FreakinRexManningDay Mon 21-Oct-13 14:40:42

Does it cjel? I never knew that. Kept us warm on many a cold day though.

TEErickOrTEEreat Mon 21-Oct-13 14:54:35

I'm sorry if I seemed flippant and/or dismissive. I'm actually just more bewildered that people can't arrange their budgets to afford to heat their homes.

I am broker than a broke thing most of the time but I will not sacrifice my comfort. So I sacrifice something else, such as holidays, a car etc.

TEErickOrTEEreat - I'm sure you really don't have much cash, but some people have so little they can't even afford food (have you seen in the news how busy the food banks are?), let alone heating as well, and cars and holidays are just a distant dream.

This fuel price hike at this time of year is absolutely immoral. People will die because of it.

Not in my home. I grew up in a house that didn't have heating upstairs, when my mum and dad got an electric oil heater for the upstairs room, you only got heat from it if you were sat practically on it. The flat I'm in now is also old and leaks heat, but we can't afford to run the heating. It's actually warmer for me to put DS in his coat and pram and go out for a walk than to sit in the flat when it's cold.

TEErickOrTEEreat Mon 21-Oct-13 15:01:12

People have been dying from it from it for centuries.

LRD is right that it's only now when it's affecting others besides the old that people care.

And I have used food banks.

Don't pretend to know anything about my life or my finances. I don't put everything on the internet.

KatyPutTheCuttleOn Mon 21-Oct-13 15:04:23

TEErickOrTEEreat the thing is, there are those of us that already sacrifice holidays, car and enough food as we have to heat our houses because of having family members in ill health. Despite all the sacrifices, the heating is a luxury that we cannot afford.
In order to make ends meet, I have cut what I eat down to the bare minimum, have minimal clothes; I have one work outfit which I wash daily and iron dry. We have no holidays and only have a car because we have been able to borrow one from a relative. Heating is another luxury, however I have to be able to afford it as one of my family members has an illness which means that they need to keep warm. We don't heat the house above 18 but we need to do that but struggle with the bills as it is, I am dreading having to turn the heating on again. So far we haven't need it since last winter.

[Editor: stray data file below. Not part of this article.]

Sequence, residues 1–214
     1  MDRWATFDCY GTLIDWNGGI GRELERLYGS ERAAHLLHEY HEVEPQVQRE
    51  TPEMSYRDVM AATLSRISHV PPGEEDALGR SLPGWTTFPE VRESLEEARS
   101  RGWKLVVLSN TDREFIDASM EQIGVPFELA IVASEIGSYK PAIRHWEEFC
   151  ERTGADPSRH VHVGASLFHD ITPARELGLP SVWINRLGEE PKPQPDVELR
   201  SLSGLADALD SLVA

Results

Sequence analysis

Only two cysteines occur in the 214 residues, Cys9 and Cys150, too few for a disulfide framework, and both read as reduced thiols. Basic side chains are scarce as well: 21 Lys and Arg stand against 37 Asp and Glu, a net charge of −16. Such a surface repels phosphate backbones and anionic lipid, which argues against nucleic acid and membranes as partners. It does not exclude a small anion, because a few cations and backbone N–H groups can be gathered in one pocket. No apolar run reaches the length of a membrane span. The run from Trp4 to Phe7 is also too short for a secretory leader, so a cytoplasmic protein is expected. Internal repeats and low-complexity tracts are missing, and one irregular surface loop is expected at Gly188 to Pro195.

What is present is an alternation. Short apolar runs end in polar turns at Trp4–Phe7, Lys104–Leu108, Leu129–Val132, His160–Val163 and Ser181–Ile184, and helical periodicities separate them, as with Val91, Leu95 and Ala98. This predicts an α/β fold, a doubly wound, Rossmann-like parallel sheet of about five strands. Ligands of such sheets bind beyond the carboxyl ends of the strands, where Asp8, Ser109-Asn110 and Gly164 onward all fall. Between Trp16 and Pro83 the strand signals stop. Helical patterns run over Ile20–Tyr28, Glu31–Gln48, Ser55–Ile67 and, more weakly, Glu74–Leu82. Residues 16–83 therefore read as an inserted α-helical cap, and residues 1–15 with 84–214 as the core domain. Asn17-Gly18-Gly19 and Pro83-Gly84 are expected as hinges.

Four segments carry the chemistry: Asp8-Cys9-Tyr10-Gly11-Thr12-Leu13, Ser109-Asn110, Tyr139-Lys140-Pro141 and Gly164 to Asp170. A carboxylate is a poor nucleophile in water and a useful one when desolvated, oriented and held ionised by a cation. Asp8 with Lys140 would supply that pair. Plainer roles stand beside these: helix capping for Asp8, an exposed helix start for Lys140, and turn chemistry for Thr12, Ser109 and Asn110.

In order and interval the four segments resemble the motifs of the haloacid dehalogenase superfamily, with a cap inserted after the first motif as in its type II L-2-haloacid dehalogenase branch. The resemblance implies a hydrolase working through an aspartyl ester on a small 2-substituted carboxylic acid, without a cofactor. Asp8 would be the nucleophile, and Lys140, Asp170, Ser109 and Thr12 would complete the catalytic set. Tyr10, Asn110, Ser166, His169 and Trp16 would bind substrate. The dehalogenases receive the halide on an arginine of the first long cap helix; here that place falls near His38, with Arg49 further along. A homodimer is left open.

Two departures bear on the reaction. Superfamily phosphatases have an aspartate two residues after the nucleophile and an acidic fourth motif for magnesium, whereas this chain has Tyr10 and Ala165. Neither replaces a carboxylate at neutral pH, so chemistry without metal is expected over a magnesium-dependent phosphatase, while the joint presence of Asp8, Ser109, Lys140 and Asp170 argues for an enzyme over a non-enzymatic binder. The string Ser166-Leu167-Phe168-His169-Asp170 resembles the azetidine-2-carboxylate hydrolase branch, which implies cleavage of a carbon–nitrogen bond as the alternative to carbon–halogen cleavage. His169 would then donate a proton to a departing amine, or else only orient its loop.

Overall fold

TEErickOrTEEreat Mon 21-Oct-13 15:09:49

There's always someone worse off than you. And there are people worse off from than me.

What I am mostly objecting too, actually, is the apparent competition on this thread about who is suffering the most.

The world sucks. Our government doesn't give two shits about you or me because we have less than millions and really don't give two shits that you can't afford heat or food or new clothes.

I personally am hated violently by the government because I'm an immigrant, disabled and don't work at least 16 hours a week.

So do something about it. I do what I can but I have no right of franchise as I'm not a citizen. If you are? Write your MP. Call them. Start a FB page. Do something other than 'brag' about how fucking cold and broke you are.

youretoastmildred Mon 21-Oct-13 15:12:02

It isn't that nobody cares about the old being cold (they do get a fuel allowance after all which no one else on a low income gets). It is just that more people on low incomes can't afford heat because fuel prices are shocking relative to more and more incomes.

BeCool Mon 21-Oct-13 15:13:37

Firewood and coal are pretty expensive though.

I grew up without CH & I love it. One of the benefits of living in a tiny flat, is though we are overcrowded we are warm - it heats up really quickly and I'm thankful I have the heating on without concern.

I've also just switched energy supplier to a fixed rate over winter so it shouldn't be any more expensive.

DidoTheDodo Mon 21-Oct-13 15:14:09

I don't use my central heating. I do have a fire in my sitting room.
I am already back in the Dark Ages.

NotYoMomma Mon 21-Oct-13 15:23:50

my rich parents get the winter fuel allowance.

I am at a loss as to why

DidoTheDodo Mon 21-Oct-13 15:30:30

I fuel my fire by collecting logs from the nearby woods. Many people have laughed at me for this: you know what? I don't care. Logs keep me warm and they are free.